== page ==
The International Drug Policy Conference 2015 is underway in Washington DC, and several experts and scholars convened on Friday evening to discuss the United Nations’ General Assembly’s Special Session (UNGASS) on drugs – which will take place in 2016. The session will be a unique opportunity for the War on Drugs’ failure to be at the centre of the global political stage.
Steve Rolles, the Senior Policy Analyst at the Transform Drug Policy Foundation, moderated Friday’s event. Rolles described how the UN’s member states are unwilling to publicly acknowledge state-mandated human rights abuses, such as executions and disproportionate incarceration, which occur as a result of the War on Drugs. The UNGASS, he suggests, will force nations to publicly admit the drug war’s inconsistency with international human rights legislation.
The global backdrop to the drug policy debate has shifted in the past five years, with considerable reforms occurring in the United States and abroad. Ann Fordham, the director of the International Drug Policy Consortium, posited that the US government’s position, as the number one enforcer of the global drug war, has had a tangible – and positive – impact on the international debate.
The movement is growing, and an increasing number of organisations are realising the overlap between their work and that of drug policy reformers. Fordham noted how UNGASS is “galvanising people” across humanitarian and activist sectors. Non-profit groups within the realms of development, poverty alleviation, and HIV/AIDS reduction, are incorporating themselves within the drug policy reform movement due to the causes’ inextricable links. Fordham emphasised that this unity must continue after the UNGASS; “we must continue to work together”.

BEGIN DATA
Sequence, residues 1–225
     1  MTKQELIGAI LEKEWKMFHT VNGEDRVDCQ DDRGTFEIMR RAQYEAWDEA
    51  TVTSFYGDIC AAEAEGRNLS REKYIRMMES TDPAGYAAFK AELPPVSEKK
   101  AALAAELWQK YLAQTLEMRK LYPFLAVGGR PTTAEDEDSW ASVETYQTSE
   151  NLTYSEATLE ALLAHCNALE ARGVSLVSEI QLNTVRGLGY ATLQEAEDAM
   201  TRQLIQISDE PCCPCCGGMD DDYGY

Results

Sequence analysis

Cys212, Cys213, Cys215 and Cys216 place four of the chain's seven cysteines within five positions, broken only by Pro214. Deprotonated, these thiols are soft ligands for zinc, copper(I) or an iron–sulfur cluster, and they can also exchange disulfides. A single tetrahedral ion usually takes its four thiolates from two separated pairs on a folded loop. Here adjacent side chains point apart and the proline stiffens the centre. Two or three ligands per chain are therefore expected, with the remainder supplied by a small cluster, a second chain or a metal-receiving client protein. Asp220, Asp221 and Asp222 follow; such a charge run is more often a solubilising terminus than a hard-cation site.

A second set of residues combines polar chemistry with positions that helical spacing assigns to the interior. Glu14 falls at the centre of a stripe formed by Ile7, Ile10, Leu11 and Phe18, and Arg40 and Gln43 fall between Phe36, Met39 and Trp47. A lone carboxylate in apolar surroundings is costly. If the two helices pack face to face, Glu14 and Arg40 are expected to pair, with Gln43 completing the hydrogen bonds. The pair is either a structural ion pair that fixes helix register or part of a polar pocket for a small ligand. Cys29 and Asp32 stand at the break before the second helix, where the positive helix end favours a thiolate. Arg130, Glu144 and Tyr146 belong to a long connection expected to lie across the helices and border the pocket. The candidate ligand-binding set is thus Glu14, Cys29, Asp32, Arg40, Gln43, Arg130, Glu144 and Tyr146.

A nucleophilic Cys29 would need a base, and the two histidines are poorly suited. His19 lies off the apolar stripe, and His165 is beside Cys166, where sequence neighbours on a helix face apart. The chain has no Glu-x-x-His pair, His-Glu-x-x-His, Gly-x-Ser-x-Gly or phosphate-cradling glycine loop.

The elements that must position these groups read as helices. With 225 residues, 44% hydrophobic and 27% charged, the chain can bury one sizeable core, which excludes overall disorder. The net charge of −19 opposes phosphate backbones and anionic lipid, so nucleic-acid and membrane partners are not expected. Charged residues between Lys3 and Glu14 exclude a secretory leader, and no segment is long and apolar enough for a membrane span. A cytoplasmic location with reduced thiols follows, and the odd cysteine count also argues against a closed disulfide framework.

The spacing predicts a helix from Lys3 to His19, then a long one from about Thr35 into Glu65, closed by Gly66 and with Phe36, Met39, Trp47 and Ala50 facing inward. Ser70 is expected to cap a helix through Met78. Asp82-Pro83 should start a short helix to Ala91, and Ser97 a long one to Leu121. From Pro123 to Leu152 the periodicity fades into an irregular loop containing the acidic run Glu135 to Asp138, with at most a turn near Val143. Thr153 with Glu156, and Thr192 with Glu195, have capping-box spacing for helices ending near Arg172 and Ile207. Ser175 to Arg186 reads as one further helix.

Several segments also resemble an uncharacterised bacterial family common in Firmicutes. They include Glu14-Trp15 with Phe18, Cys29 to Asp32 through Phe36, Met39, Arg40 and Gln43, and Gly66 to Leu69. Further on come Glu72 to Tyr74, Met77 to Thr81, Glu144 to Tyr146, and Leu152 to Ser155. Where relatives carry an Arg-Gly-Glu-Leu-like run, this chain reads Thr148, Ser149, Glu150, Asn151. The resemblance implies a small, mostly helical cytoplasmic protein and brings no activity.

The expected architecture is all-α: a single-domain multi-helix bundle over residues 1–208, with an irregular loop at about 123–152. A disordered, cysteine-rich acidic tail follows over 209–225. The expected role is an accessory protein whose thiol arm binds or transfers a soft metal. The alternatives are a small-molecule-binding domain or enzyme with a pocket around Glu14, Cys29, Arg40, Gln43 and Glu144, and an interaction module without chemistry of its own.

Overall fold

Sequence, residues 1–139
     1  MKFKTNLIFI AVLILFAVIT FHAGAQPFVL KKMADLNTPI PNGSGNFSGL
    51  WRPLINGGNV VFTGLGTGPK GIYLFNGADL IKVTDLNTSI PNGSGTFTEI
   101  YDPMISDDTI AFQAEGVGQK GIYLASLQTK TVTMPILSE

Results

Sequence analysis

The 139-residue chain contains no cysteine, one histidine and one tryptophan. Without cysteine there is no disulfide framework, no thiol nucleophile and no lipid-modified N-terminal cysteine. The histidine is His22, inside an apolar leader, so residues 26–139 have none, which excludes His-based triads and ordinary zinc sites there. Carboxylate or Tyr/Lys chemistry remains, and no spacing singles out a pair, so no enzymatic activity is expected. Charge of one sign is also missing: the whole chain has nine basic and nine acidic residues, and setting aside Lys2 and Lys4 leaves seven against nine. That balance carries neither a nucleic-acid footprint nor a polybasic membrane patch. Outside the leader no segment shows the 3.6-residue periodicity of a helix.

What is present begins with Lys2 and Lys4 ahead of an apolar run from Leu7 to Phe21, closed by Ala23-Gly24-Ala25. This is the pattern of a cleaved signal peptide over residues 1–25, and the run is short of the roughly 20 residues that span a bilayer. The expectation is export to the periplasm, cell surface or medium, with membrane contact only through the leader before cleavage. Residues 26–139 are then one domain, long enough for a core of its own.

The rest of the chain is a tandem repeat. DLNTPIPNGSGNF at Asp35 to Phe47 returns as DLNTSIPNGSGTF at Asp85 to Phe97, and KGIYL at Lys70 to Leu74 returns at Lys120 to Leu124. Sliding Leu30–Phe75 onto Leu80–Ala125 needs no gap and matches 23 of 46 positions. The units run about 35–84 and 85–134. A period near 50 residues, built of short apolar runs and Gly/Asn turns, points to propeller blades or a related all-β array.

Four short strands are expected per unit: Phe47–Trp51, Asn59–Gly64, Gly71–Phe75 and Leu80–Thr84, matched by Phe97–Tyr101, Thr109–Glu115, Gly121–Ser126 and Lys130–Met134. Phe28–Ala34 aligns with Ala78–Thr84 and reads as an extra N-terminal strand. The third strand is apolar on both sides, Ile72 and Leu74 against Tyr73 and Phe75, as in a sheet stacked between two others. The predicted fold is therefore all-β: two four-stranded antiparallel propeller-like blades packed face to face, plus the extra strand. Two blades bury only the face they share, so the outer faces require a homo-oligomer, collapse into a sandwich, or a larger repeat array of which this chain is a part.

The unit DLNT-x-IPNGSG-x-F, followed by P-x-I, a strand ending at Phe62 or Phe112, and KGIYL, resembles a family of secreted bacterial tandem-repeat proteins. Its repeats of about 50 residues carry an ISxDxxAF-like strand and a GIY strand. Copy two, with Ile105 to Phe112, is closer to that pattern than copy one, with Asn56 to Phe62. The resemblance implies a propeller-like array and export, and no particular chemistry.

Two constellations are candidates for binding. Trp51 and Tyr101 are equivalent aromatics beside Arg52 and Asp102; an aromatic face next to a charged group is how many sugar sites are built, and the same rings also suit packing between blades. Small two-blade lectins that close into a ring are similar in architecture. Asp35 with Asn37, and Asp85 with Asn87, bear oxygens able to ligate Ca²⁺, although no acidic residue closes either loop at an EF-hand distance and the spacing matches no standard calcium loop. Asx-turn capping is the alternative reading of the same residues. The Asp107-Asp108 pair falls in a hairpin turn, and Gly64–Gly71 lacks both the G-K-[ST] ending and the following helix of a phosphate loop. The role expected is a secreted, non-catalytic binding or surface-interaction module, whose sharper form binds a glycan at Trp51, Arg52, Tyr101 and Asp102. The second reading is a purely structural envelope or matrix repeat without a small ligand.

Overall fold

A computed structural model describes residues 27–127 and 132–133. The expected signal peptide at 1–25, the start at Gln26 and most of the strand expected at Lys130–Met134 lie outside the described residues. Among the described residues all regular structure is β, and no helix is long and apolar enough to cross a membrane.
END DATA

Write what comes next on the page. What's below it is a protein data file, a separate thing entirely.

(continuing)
Claudia Salcedo, a coordinator in Colombia’s Ministry of Justice and Law, identified the two diverging approaches that UN member states are bringing to the discussion. Many are still promoting the concept of a “drug-free world”, and are opposed to change, while some are exhibiting openness to reform and the tackling of different challenges. The positions of states, Salcedo suggested, are unlikely to change between now and the UNGASS – so it is essential that nations that are willing to reform make their voices heard.
Luciana Pol, a senior fellow at Argentina’s Center of Legal and Social Studies, ascribed the corrosion of justice systems in Latin America, as well as the enormous bloodshed that the region has faced in recent years, to the illegality of the international drugs market. Latin America, Pol described, is the “kitchen” of the trade, as it is home to swathes of territory used to grow coca and marijuana. However, unlike licit international markets, there is no ‘fair trade coca’; the lack of access to ethically produced cocaine makes it inevitable that human rights abuses will perpetuate.
The speakers agreed that the UNGASS is unlikely to bring about revolutionary change, but it will undoubtedly add pressure to the international movement for drug policy reform.